“From The Dead” is the second full-length release by German speed metal band Stallion. The group quickly made a lot of noise with their “Mounting the World” EP in 2013 and subsequent full length the next year. Though it has been a few years since then, Stallion is back and just as good as ever. Upon first impression however, this album might feel a bit different. The lead track, “Underground Society” shows the band taking a much darker, thrashier direction. This is certainly the heaviest song they’ve done to date, and while lead vocalist Pauly’s vocals remain as high-pitched as ever on this record, he has more of a snarl on this particular track.
It isn’t long before the band returns to their more familiar sound, but interestingly, they spend a few tracks in mid-paced territory before reverting to high-velocity speed metal. Each of the next three songs, “Down And Out”, “Hold The Line”, and “Waiting For A Sign” are not particularly fast (except for the occasional moment where things speed up, such as the second half of “Down and Out”), but Stallion are adept at writing catchy fist-banging anthems. These tracks offer an opportunity for Pauly to shine once again. His voice remains in the stratosphere, as he hits notes that nobody has any business hitting (and he uses this range almost exclusively). These tracks also demonstrate Stallion’s ability to create truly memorable simplistic riffs. Unlike many of their contemporaries, Stallion’s less involved riffs bring back the glory of NWOBHM and other early 1980s bands. The result is a classic sound that is anything but boring, despite the tamer tempos.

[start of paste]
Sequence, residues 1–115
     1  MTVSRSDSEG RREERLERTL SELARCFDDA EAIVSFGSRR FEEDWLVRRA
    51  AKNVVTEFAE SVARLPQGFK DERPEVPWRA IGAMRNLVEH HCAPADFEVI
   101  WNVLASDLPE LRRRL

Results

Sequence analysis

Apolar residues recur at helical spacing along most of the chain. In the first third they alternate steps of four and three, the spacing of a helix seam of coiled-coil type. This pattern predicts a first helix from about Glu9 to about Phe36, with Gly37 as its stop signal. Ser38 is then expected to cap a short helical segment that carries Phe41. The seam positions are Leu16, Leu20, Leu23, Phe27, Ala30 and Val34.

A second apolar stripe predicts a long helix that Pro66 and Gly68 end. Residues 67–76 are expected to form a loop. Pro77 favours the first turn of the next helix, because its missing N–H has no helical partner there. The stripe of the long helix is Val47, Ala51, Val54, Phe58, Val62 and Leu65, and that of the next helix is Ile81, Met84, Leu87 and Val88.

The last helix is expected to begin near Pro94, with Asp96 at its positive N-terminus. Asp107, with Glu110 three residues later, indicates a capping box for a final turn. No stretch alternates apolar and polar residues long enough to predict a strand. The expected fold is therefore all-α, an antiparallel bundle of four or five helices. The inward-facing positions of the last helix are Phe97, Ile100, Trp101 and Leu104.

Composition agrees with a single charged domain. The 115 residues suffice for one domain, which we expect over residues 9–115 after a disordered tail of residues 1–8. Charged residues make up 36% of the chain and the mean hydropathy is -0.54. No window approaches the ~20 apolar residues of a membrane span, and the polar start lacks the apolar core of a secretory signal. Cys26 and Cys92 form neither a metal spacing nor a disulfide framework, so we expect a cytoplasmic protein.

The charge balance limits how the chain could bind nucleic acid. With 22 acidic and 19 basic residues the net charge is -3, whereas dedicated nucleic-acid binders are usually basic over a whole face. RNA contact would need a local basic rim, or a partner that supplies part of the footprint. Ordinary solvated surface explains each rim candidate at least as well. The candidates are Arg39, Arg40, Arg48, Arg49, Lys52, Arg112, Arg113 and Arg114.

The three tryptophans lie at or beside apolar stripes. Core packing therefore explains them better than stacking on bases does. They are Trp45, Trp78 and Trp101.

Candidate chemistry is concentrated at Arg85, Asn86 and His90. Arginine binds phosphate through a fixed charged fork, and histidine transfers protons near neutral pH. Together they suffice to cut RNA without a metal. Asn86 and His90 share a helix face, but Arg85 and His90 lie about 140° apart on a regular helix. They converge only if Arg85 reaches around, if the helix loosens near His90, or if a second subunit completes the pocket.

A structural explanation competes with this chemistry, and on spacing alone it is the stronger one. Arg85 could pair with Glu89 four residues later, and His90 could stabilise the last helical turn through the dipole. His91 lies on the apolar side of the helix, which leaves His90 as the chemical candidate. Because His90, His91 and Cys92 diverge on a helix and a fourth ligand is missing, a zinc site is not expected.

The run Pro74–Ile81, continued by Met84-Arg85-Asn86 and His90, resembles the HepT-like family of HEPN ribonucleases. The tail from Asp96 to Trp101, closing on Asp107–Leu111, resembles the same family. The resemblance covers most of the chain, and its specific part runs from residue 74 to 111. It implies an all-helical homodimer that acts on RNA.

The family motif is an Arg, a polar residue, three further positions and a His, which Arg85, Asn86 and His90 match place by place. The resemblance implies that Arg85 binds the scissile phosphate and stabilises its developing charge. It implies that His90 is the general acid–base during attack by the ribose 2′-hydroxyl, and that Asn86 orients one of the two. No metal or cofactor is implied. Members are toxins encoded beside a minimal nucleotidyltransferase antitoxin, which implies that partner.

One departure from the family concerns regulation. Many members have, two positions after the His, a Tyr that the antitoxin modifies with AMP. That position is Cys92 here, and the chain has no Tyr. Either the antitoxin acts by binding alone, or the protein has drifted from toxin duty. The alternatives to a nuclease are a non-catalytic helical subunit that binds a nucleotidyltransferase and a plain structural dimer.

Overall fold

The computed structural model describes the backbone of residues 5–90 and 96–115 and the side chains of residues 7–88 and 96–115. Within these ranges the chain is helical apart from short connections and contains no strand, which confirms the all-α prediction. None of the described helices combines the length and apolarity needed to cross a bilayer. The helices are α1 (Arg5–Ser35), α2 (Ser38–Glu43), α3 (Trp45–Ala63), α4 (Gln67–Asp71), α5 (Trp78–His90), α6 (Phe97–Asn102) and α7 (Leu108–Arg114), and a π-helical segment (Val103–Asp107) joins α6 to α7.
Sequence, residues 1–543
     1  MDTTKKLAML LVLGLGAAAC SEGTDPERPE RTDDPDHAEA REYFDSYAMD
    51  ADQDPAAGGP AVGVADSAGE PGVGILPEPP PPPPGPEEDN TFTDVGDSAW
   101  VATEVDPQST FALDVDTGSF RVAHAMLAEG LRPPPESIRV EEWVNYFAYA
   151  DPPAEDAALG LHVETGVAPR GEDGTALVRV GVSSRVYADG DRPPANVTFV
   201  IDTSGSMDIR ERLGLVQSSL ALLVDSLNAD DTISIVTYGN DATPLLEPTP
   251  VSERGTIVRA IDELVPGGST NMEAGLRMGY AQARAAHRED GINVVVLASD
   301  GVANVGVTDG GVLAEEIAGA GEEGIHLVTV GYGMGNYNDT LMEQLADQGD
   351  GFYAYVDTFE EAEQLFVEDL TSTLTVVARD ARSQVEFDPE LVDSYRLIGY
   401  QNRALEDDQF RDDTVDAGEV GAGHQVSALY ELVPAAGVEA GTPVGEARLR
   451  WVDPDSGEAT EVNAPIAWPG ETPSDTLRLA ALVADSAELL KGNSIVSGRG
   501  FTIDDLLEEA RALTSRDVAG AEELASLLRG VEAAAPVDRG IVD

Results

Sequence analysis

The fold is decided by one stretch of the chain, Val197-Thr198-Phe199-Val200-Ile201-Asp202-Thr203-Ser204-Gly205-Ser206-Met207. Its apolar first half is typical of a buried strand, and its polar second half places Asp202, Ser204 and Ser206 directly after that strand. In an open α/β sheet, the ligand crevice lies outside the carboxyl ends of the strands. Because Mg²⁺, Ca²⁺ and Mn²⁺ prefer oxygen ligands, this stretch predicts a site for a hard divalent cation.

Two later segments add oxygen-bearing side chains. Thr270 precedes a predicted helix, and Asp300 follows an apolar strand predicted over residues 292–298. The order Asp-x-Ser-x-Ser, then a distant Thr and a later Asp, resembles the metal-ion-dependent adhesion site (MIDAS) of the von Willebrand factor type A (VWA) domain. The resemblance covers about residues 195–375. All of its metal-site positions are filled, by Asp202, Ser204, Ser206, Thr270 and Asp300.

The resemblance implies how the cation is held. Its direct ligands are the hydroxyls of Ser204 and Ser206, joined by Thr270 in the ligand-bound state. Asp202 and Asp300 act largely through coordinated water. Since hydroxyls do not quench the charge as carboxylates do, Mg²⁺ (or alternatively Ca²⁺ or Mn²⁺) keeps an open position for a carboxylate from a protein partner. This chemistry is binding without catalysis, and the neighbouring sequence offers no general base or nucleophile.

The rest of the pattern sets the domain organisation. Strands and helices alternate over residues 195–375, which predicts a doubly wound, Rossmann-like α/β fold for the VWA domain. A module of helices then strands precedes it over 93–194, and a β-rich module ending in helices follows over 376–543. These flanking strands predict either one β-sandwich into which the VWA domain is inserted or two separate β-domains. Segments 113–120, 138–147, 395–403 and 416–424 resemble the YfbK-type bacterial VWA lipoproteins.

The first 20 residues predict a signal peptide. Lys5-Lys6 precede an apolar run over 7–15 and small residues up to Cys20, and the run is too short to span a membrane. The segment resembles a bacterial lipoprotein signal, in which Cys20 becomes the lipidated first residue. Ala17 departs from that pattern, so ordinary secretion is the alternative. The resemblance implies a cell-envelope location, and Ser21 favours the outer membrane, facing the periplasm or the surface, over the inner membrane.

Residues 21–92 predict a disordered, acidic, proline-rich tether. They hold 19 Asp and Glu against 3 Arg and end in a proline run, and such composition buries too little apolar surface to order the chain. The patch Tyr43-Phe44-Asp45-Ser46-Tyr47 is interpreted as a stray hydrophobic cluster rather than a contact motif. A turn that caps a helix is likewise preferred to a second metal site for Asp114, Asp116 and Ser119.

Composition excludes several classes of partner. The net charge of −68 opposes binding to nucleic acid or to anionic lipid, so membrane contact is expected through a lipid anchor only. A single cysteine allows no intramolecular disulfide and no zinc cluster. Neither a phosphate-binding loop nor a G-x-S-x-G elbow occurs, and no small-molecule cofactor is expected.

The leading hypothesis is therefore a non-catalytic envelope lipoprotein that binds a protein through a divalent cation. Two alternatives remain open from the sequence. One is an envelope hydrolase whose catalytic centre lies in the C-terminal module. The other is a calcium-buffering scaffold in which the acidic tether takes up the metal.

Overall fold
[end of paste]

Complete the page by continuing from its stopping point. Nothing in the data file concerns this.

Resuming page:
From this point onwards, the record becomes more in line with “Rise and Ride”, as the band offers up plenty of faster tunes, with the more occasional slower moment as a break. These later songs reveal that Stallion’s shredders can compete with the best of them, as they unleash numerous solos containing intricate fretwork. “From The Dead” as a whole is pretty faithful to the band’s sound outside of the opener. The main problem is its unevenness as a record. Even after the three mid-paced tune, the title track kicks off with an acoustic intro, and then the following song is the 17-second “Kill Fascists”. The result is an album that does everything right, but feels a bit off. Of course, this is just the flow of the album; the songs themselves are all fantastic, and that is ultimately what matters most. This makes Stallion’s “From The Dead” another essential purchase for all fans of speed metal!
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"Down and Out"
"Waiting For A Sign"
4.25/5 or 85%.
Written by Scott